Perspective, distance and why business still requires face to face meetings


Having recently relocated to Singapore to set up my firm’s first office in Asia, I have been rather quiet on the blogging front recently. This post serves as something of a reboot – the blog will continue with its theme of the intersection of business, law and regulation in the telecoms and technology sectors but in addition to continued coverage of the UK and Europe will have an increasingly Asian focus.

It has been an interesting time to be in the region with President Obama spending far more time at the APEC  and ASEAN summits that I can ever recall him spending at European meetings and with the US administration signalling a ‘pivot towards Asia’ in their policy focus. With the current turmoil continuing in Europe (and the Eurozone in particular), whilst the mood here is not wildly optimistic, I perceive that there is a quiet confidence that global growth over the medium term will be driven from the region, both from the powerhouses of China and India, and also from countries in the ASEAN group such as Indonesia, Malaysia and Thailand.  Whilst some of the immediate press headlines highlight the fall in growth rates in the region, with Hong Kong fearing recession, from the perspective of a newly arrived European what is most noticeable is the can-do positive business outlook, which contrasts sharply with attitudes in Europe.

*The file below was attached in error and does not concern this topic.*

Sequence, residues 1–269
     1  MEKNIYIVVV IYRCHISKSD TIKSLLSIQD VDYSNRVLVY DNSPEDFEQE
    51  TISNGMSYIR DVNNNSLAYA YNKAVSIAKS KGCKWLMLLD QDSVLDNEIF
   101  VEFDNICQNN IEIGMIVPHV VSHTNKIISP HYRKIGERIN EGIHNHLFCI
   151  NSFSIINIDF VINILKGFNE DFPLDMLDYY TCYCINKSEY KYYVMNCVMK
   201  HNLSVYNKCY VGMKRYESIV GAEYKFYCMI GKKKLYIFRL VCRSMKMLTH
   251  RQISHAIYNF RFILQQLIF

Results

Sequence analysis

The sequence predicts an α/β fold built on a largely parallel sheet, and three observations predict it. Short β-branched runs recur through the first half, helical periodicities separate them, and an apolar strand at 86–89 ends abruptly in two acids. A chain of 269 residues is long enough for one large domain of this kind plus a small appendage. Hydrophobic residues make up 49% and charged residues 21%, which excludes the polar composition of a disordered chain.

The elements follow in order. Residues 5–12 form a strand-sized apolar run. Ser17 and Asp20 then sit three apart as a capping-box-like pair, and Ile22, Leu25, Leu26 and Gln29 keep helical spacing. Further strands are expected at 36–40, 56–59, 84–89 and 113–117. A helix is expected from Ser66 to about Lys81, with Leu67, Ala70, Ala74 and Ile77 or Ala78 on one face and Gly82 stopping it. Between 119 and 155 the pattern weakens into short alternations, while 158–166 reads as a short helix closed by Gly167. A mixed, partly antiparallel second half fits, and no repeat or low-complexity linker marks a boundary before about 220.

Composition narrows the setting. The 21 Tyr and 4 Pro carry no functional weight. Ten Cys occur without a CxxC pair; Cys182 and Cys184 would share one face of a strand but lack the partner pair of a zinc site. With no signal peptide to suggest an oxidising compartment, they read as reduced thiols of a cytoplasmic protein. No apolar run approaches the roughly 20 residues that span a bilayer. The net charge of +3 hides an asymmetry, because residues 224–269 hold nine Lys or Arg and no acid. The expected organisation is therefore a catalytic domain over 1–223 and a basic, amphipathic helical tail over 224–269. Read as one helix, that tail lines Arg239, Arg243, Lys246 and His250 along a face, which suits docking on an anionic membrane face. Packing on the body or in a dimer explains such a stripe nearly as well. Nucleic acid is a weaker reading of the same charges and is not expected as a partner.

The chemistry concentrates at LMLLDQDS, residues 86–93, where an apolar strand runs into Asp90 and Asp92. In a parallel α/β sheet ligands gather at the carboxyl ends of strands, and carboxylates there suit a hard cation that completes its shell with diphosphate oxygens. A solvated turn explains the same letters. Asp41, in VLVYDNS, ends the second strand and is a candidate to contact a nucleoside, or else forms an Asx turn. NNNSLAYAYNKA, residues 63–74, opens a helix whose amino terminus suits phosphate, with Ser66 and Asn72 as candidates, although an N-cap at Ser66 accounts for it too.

It is now 16 years since Frances Cairncross’ original economist 1995 article and subsequent 1997 book,  ‘The Death of Distance’. Whilst it is certainly true that developments in technology and communications infrastructure have vastly changed the  communications, broadcasting and media industries and that (as I can attest) people are far more mobile, it has also been striking that despite easy access to video-conferencing and other communications tools that people (or at least those who give lawyers work!) are still hard-wired to do business with people that they have met, know and trust. Whilst I continue to work with clients in the Europe, it seems that there is no substitute for getting out and meeting people face to face if you want to do business with them. The good news is that once you have established a relationship, all the various communications methods make it much easier to keep that relationship alive and to stay in touch.

About Rob Bratby

Telecommunications, media and technology lawyer advising companies across Europe and Asia
This entry was posted in ASEAN, China, EU, India, Indonesia, Malaysia, Singapore, Telecoms, Thailand and tagged , , , , , , , . Bookmark the permalink.

2 Responses to Perspective, distance and why business still requires face to face meetings

  1. Pingback: Doing Asia Business with Face | E RADAR

  2. chris whiddon says:

    agree rob that f2f contact can be best for relationship building though i am still a big advocate of video conferencing and technology. I am still amazed when i hear i flew to russia, brazil etc for a 1 day (or 3 hours in reality) meeting especially feom those in the finance industry who bemoan profitability but
    get rock star compensation. It is about finding a happy medium with a lot of short and transactional type businesa meetings best auited
    get rock star compensation. It is about finding a happy medium with a lot of short and transactional type business meetings best suited to video but relationships move to another level with face to face contact which then makes the video side more productive

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